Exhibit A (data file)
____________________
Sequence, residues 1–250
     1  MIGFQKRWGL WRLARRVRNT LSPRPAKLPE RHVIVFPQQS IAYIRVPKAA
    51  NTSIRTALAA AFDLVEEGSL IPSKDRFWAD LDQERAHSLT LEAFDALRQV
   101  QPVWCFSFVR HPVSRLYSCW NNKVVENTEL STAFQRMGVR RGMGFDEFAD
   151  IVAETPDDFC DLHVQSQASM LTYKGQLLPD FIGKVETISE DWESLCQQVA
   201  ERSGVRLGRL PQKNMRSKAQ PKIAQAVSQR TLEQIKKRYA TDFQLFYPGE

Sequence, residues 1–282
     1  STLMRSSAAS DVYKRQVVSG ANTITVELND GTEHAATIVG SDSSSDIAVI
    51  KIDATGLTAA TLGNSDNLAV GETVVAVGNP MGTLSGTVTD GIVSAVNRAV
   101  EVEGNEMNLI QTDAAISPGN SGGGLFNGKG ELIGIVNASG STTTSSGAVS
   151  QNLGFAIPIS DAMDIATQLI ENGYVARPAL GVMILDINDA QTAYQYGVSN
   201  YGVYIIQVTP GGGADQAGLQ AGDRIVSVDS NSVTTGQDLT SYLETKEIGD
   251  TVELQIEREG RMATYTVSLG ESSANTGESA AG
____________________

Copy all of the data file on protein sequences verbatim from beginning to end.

Sequence, residues 1–250
     1  MIGFQKRWGL WRLARRVRNT LSPRPAKLPE RHVIVFPQQS IAYIRVPKAA
    51  NTSIRTALAA AFDLVEEGSL IPSKDRFWAD LDQERAHSLT LEAFDALRQV
   101  QPVWCFSFVR HPVSRLYSCW NNKVVENTEL STAFQRMGVR RGMGFDEFAD
   151  IVAETPDDFC DLHVQSQASM LTYKGQLLPD FIGKVETISE DWESLCQQVA
   201  ERSGVRLGRL PQKNMRSKAQ PKIAQAVSQR TLEQIKKRYA TDFQLFYPGE

Sequence, residues 1–282
     1  STLMRSSAAS DVYKRQVVSG ANTITVELND GTEHAATIVG SDSSSDIAVI
    51  KIDATGLTAA TLGNSDNLAV GETVVAVGNP MGTLSGTVTD GIVSAVNRAV
   101  EVEGNEMNLI QTDAAISPGN SGGGLFNGKG ELIGIVNASG STTTSSGAVS
   151  QNLGFAIPIS DAMDIATQLI ENGYVARPAL GVMILDINDA QTAYQYGVSN
   201  YGVYIIQVTP GGGADQAGLQ AGDRIVSVDS NSVTTGQDLT SYLETKEIGD
   251  TVELQIEREG RMATYTVSLG ESSANTGESA AG